"Maintaining fluid intake is very important to prevent dehydration," Dr. Cutler says.

If you have a fever or feel achy, OTC meds like ibuprofen or acetaminophen can help bring your temperature down and make you feel more comfortable overall, Dr. Septimus notes.

A sinus rinse or Neti pot can ease nasal congestion and sinus pressure, while cough suppressants containing dextromethorphan can help with coughing, he says. And if you're dealing with a scratchy throat, try gargling warm water mixed with a quarter to half teaspoon salt, per the Mayo Clinic.

What About Tamiflu?

As for antiviral meds like Tamiflu? It's a good option if you're at high risk for flu-related complications, but might not be worth it if you're otherwise healthy.

Tamiflu can make your symptoms a little less severe and help you get better a little faster if you start taking it within two days of getting sick, according to the CDC. But there's a cost: The meds can cause serious stomach pain, nausea and vomiting, as well as headache and fatigue, per the Food and Drug Administration.

"Antivirals are of limited value in otherwise healthy patients. They shorten the duration of symptoms by a matter of hours," Dr. Septimus says.

Dr. Cutler agrees, noting that options like Tamiflu are best reserved for people who are more likely to get seriously sick from the flu.

"Since nearly all flu cases will resolve without complication and Tamiflu can cause serious side effects, the limited benefits must be weighed against the known risks before taking it," he says.

Getting Better: When Am I Not Contagious?

Both colds and the flu usually clear up within a week or two. And you'll know that the virus is on its way out simply by how you feel.


Still, it's worth going easy on yourself until you're fully recovered and minimizing contact with others until you're no longer at risk for spreading germs.

"We know that those with the most severe symptoms of cough and fever are the most contagious," Dr. Cutler says.

On the other hand, once you're feeling better and your fever has cleared for at least 24 hours, you're no longer likely to be contagious, he notes.

That might all sound good in theory. But what if you're dealing with the tail end of a cold that just won't go away — should you stay home just because you have a mildly stuffy nose?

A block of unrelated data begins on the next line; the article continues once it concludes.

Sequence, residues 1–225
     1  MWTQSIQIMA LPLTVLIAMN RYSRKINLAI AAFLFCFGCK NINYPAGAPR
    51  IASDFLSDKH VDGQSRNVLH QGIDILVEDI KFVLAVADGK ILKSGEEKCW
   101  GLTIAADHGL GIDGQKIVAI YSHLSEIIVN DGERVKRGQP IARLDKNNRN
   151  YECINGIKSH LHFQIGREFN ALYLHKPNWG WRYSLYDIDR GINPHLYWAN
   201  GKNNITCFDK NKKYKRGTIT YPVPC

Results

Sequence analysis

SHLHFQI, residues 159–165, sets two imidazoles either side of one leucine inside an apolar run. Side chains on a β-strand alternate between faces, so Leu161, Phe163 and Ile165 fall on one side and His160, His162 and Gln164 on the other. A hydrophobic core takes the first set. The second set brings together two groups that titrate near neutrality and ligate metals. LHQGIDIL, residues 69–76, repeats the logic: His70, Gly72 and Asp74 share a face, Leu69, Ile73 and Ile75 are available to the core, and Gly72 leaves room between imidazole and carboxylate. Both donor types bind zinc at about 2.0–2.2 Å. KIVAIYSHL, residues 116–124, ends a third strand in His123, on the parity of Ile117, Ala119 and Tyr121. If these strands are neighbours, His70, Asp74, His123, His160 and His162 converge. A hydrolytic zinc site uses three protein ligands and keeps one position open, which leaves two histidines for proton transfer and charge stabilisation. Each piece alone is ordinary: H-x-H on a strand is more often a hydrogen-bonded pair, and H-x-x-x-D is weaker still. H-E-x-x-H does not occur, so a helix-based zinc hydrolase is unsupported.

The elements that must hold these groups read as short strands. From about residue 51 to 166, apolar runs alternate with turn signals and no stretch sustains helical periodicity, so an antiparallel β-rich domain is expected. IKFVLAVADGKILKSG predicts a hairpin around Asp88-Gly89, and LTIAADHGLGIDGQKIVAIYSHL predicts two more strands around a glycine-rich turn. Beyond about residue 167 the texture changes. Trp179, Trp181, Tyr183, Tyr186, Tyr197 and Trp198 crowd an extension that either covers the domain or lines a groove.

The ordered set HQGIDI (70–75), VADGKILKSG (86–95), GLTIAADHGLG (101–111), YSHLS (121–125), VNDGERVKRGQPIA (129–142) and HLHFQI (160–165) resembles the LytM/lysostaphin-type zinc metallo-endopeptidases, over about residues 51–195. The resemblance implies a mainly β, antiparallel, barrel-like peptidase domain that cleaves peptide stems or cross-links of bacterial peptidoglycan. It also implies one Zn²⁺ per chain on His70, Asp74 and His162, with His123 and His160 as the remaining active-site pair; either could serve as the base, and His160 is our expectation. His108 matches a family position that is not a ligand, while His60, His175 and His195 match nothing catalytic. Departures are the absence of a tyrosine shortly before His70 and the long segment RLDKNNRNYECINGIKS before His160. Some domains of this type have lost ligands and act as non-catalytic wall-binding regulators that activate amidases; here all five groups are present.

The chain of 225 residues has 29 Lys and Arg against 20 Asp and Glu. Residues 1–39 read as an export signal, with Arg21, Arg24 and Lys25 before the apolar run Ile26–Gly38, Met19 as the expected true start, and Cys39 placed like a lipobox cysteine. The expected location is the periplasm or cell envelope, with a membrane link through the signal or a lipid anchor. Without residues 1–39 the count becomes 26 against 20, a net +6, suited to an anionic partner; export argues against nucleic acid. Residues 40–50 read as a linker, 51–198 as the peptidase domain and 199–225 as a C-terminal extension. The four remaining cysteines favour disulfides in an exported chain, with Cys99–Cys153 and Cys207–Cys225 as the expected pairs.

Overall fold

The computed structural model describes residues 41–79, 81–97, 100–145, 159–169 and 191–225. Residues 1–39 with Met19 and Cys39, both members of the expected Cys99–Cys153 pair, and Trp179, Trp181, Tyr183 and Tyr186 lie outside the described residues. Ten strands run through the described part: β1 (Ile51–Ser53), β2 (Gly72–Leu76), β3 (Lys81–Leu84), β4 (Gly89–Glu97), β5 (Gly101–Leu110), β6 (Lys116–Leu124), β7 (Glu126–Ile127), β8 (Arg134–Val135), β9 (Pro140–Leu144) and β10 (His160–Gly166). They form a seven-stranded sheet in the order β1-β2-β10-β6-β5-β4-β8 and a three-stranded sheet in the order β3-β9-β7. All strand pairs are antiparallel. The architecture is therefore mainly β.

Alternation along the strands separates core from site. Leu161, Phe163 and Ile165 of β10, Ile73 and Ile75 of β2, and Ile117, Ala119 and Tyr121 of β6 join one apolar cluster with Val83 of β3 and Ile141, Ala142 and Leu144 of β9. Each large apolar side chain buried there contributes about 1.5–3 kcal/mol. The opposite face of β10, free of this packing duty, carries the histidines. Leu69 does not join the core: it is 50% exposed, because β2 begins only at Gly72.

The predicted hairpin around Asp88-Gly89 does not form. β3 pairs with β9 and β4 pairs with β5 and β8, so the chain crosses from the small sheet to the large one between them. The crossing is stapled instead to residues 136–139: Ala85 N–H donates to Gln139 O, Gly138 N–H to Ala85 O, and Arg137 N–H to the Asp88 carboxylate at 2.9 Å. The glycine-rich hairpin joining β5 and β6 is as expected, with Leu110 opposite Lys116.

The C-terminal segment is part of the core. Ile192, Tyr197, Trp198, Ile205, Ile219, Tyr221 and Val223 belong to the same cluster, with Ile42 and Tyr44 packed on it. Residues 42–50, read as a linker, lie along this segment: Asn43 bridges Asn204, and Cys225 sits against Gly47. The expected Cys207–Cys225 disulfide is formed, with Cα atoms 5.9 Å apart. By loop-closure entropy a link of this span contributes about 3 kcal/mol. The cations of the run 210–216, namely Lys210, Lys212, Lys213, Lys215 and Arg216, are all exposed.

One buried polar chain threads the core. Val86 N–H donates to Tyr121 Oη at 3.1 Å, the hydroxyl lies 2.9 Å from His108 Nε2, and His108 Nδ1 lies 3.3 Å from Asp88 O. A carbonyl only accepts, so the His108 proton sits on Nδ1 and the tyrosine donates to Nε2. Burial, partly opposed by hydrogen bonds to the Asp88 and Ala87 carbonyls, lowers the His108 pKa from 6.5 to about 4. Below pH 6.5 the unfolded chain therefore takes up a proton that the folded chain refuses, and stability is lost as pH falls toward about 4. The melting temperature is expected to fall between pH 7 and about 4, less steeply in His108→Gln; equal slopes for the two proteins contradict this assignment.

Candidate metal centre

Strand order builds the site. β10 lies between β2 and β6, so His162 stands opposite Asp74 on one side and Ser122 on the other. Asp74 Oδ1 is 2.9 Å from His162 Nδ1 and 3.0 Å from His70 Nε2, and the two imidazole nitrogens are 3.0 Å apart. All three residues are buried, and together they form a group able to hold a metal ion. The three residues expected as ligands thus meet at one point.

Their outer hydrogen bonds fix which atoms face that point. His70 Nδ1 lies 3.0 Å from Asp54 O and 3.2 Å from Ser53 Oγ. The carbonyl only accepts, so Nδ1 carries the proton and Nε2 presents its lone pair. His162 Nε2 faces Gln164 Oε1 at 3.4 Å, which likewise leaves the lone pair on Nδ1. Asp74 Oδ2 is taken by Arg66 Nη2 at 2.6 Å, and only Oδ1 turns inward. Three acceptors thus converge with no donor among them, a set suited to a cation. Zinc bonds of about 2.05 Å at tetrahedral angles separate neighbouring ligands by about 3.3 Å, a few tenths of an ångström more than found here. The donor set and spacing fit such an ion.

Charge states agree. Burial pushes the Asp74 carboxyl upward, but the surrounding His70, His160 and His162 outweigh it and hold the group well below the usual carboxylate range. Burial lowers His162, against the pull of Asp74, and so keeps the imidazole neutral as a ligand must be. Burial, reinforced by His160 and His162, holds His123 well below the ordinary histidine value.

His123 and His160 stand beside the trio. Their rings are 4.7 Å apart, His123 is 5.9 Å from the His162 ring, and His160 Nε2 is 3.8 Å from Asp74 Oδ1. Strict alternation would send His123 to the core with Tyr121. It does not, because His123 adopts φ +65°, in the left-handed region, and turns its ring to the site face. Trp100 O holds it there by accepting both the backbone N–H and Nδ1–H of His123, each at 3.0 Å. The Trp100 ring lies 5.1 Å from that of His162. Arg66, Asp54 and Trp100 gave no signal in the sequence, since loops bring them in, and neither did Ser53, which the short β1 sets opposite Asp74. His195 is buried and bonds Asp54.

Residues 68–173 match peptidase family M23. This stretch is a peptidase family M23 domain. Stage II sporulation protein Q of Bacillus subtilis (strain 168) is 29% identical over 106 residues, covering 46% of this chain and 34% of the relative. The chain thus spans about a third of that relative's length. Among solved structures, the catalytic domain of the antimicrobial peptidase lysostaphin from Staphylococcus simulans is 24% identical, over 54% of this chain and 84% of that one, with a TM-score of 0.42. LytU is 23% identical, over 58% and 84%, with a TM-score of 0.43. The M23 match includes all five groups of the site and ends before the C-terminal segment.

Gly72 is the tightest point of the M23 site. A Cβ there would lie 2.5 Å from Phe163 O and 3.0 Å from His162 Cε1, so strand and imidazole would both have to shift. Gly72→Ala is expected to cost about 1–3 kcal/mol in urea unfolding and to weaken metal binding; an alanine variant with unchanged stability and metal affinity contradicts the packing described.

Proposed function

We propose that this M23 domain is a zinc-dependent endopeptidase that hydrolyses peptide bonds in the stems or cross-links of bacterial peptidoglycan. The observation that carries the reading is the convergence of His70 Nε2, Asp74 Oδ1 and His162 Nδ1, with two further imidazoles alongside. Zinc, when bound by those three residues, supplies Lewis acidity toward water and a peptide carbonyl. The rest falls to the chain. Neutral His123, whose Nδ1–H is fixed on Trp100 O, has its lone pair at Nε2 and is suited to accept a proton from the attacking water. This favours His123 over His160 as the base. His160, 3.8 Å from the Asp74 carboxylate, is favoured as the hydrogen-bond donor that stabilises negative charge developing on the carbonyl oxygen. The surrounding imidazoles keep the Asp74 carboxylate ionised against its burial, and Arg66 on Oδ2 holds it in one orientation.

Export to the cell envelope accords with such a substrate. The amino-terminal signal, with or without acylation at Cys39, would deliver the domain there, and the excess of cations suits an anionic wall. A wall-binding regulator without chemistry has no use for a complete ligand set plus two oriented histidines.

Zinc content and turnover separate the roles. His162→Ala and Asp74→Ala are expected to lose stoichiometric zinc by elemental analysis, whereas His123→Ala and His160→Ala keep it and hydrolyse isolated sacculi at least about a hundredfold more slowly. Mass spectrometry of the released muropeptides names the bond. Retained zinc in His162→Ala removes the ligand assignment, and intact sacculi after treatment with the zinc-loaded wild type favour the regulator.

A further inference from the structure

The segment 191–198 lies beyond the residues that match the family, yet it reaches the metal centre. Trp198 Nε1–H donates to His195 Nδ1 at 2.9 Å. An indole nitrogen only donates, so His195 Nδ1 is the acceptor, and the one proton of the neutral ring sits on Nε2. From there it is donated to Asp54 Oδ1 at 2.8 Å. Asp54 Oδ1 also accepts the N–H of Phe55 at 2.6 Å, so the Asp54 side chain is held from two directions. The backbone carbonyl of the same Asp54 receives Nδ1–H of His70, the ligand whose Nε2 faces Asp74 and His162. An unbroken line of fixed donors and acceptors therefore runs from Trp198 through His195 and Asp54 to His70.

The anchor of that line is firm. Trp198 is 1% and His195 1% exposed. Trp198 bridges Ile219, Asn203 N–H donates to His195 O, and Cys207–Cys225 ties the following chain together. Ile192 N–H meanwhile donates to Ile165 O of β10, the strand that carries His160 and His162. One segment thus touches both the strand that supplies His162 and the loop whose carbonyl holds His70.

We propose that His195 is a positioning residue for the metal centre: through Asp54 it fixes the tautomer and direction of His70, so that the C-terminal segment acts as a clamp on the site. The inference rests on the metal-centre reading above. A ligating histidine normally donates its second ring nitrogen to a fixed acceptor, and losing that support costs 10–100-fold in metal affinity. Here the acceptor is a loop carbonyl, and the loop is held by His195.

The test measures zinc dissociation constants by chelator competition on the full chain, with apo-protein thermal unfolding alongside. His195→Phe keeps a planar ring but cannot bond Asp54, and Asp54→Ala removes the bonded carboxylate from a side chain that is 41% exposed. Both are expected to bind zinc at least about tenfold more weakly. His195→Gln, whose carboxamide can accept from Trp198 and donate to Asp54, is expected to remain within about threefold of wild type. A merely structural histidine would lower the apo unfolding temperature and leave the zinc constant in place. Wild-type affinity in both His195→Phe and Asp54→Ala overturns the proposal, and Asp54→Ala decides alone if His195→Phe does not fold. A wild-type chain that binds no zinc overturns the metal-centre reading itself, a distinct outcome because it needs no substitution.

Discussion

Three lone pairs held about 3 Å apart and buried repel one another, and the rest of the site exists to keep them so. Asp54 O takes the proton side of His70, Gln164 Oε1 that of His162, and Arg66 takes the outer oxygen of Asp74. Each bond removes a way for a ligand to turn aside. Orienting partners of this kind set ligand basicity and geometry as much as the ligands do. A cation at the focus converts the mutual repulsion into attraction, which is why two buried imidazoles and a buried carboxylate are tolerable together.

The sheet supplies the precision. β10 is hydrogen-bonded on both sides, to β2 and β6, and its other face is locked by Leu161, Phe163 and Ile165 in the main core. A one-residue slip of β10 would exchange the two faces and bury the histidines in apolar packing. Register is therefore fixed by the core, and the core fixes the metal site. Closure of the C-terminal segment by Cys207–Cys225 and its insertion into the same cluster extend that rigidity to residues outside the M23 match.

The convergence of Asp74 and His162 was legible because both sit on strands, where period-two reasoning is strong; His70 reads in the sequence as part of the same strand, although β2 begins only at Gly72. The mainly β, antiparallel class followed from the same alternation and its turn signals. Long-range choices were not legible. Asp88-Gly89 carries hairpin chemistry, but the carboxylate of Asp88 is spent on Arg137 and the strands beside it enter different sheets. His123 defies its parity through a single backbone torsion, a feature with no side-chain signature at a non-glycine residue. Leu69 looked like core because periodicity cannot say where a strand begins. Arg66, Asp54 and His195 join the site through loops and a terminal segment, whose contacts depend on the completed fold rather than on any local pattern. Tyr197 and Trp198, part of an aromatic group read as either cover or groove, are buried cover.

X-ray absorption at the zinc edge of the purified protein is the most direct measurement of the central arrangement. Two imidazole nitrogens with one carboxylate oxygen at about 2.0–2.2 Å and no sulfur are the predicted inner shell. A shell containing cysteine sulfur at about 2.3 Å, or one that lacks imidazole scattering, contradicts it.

There's no right or wrong answer, especially in the age of COVID-19 (more on that in a minute). But if you do need to be out and about before your cold symptoms have fully subsided, stick with good hygiene practices. Wash your hands, be even more vigilant about wearing your mask and maintain some social distancing, both Dr. Septimus and Dr. Cutler suggest.

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Cold vs. Flu in the Age of COVID-19

Once upon a time, most of us tended to look at colds and the flu a little differently. While a fever or a hacking cough were cause to stay away from others, minor issues like a stuffy nose or scratchy throat probably wouldn't have stopped you from popping out to the grocery store or even going to work.

That's all changed, now that even mild symptoms could also be signs of COVID-19. It can be hard to tell the flu from COVID-19 based on symptoms alone, the CDC notes. And many health care providers are recommending COVID testing if a person has ​any​ symptoms. "I'm testing all patients with cold symptoms for COVID-19," Dr. Septimus says.

In short: If you think you have a bug but aren't sure what it is — even if your symptoms are minor — stay home and check in with your doctor. Together, you can decide whether you should get tested and how to figure out when you're no longer at risk for getting others sick.

"In patients with a negative COVID-19 test, in the absence of specific COVID-19 symptoms like a loss of taste and smell, if folks have cold symptoms, it's reasonable to go out with masking, hand hygiene and social distancing," Dr. Septimus says.




Is this an emergency? If you are experiencing serious medical symptoms, please see the National Library of Medicine’s list of signs you need emergency medical attention or call 911.